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Jun 26, 2019

11 Terms Used by Spies

Posted by in category: futurism

Maybe you’re involved in a covert operation. Maybe you’re just curious. Spies have developed their own language of code words in order to keep from being discovered. We don’t need to know, but you should learn the 11 terms used by spies here.

Jun 26, 2019

The Rise of a New Generation of AI Avatars

Posted by in categories: innovation, robotics/AI

I recently discovered it’s possible for someone in their 20s to feel old—just mention Microsoft’s Clippy to anyone born after the late 90s. Weirdly, there is an entire generation of people who never experienced that dancing wide-eyed paper-clip interrupting a Word doc writing project.

For readers who never knew him, Clippy was an interactive virtual assistant that took the form of an animated paperclip designed to be helpful in guiding users through Microsoft Word. As an iconic symbol of its decade, Clippy was also famously terrible. Worldwide consensus decided that Clippy was annoying, intrusive, and Time magazine even named it among the 50 worst inventions of all time (squeezed between ‘New Coke’ and Agent Orange. Not a fun list).

Though Clippy was intended to help users navigate their software lives, it may have been 20 or so years ahead of its time.

Jun 26, 2019

Air Force Wants Neuroweapons to Overwhelm Enemy Minds

Posted by in categories: military, neuroscience

It sounds like something a wild-eyed basement-dweller would come up with, after he complained about the fit of his tinfoil hat. But military bureaucrats really are asking scientists to help them “degrade enemy performance” by attacking the brain’s “chemical pathway[s].” Let the conspiracy theories begin.

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Jun 26, 2019

Physicists Are Making Solid Light

Posted by in categories: materials, particle physics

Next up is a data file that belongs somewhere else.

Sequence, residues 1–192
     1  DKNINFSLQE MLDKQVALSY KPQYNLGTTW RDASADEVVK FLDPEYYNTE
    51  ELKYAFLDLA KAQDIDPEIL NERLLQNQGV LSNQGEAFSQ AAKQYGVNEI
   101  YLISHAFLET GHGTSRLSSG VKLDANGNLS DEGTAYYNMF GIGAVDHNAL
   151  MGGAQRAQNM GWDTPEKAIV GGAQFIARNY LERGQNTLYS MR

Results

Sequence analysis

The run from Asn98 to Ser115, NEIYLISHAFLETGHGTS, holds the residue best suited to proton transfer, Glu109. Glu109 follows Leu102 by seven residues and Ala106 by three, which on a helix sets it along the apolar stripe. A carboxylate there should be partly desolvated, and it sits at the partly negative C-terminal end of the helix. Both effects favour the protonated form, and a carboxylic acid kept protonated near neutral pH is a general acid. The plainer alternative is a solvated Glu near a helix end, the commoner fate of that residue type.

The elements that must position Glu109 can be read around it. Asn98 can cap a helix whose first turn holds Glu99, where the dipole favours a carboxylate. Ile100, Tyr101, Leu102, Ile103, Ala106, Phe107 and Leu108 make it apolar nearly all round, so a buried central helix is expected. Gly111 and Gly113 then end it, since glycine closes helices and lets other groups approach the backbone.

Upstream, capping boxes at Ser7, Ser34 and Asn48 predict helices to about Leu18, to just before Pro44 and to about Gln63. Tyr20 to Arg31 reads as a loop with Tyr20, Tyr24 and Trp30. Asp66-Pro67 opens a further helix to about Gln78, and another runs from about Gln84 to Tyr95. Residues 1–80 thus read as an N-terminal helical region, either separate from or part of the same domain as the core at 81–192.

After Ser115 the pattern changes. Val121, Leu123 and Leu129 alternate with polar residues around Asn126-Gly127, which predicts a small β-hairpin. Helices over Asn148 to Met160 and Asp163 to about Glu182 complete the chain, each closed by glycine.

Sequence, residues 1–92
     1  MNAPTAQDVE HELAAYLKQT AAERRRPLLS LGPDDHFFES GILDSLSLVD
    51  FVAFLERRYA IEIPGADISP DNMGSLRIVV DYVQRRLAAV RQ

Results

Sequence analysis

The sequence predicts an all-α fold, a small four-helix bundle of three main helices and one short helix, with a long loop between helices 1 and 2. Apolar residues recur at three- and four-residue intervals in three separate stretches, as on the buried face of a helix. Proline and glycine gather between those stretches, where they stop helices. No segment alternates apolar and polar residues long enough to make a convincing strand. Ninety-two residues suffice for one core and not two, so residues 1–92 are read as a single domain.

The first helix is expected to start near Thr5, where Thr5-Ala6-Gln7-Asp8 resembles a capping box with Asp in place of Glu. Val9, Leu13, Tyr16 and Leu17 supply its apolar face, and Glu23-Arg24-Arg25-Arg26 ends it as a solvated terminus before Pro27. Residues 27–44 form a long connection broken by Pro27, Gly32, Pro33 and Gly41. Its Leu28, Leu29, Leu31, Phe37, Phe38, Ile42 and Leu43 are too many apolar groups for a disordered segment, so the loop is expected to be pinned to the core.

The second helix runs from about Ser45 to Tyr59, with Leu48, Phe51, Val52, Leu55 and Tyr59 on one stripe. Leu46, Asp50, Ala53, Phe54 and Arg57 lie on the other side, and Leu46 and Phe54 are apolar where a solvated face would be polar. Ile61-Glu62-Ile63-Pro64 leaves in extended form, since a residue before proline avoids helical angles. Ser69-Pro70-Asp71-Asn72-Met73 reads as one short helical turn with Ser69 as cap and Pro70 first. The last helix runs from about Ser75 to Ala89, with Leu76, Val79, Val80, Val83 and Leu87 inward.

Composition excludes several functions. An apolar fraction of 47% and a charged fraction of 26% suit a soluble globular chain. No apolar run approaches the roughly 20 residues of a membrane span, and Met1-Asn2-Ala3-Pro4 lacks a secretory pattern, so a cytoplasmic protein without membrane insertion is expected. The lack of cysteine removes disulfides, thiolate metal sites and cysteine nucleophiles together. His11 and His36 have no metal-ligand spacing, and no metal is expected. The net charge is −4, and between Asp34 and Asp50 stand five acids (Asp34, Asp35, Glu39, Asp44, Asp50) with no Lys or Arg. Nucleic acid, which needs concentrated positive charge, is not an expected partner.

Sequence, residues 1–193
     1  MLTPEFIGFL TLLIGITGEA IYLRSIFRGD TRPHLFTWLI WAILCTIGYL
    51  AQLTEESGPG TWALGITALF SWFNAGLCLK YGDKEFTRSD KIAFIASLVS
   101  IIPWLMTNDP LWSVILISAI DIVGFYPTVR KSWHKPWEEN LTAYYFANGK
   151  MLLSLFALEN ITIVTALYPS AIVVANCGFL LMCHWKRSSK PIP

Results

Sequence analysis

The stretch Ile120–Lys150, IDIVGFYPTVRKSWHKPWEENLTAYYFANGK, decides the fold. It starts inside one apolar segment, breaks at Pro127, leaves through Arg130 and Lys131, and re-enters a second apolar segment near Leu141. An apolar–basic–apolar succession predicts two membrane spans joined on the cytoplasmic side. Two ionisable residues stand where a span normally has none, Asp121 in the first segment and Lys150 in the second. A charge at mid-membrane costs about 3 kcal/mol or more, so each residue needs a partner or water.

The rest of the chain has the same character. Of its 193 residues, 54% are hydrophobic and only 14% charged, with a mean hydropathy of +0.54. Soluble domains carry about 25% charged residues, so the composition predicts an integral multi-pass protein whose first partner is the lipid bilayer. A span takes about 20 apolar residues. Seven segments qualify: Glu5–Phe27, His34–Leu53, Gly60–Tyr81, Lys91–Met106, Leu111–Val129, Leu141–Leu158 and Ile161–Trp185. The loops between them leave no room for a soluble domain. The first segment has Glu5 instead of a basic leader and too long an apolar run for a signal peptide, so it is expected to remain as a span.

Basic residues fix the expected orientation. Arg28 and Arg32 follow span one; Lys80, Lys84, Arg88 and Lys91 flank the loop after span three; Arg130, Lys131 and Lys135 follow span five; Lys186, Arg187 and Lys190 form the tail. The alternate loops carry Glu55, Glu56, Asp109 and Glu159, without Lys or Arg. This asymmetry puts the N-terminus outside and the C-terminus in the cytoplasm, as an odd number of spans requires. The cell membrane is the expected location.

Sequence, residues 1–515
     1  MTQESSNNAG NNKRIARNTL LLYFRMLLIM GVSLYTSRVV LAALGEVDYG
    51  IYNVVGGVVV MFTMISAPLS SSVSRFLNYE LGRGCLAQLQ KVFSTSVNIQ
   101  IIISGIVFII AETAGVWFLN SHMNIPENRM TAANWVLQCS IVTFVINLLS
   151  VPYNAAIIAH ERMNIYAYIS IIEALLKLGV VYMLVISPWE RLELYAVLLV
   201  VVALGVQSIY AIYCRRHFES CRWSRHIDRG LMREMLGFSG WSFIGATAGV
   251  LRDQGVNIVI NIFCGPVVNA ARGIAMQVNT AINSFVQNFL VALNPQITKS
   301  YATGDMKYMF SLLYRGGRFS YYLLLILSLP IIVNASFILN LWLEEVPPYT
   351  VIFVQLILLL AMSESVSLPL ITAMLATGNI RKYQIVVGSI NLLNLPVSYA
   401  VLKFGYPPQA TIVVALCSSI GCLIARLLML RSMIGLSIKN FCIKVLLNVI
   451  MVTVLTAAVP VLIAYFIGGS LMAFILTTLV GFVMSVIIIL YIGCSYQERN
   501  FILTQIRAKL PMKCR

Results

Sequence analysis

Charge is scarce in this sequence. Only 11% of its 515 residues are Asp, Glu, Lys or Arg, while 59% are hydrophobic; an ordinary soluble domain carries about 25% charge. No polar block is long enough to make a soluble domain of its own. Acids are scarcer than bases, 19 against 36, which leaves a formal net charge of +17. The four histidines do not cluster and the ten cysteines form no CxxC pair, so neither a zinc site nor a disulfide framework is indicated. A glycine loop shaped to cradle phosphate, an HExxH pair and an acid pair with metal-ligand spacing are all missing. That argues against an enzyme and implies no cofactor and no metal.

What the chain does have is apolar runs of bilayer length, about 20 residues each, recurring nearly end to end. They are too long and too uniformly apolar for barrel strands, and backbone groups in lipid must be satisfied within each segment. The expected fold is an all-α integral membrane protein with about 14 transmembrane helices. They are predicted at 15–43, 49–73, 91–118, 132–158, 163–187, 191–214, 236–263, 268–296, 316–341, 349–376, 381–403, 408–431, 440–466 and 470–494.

Circa 2014


A team of researchers from Princeton University has started doing some very strange things with light. Instead of letting it zip by at incredibly high speed, they’re stopping it dead: freezing it into crystal.

Crucially, they’re not shining light through crystal; rather, they making light into crystal. It’s a process that involves fixing the particles of light known as photons in a single spot, freezing them permanently in one place. It’s never been done before, and it could help develop new exotic materials with weird and wonderful properties.

Jun 26, 2019

Scientists develop unique trap for light

Posted by in categories: biological, nuclear energy

Circa 2018


Based at the National Research Nuclear University MEPhI (Russia), a research team led by Prof. Yuri Rakovich has developed a tunable micro-resonator for hybrid energy states between light and matter using light to control the chemical and biological properties of molecules. The results have been published in the Review of Scientific Instruments.

The micro-resonator is a two-mirror trap for the , with the mirrors facing each other within several hundred nanometers. A photon caught in the trap would form a localized state of an electromagnetic wave. By modifying the resonator’s form and size, operators can control the spatial distribution of the wave, as well as the duration of the photon’s life in the resonator.

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Jun 26, 2019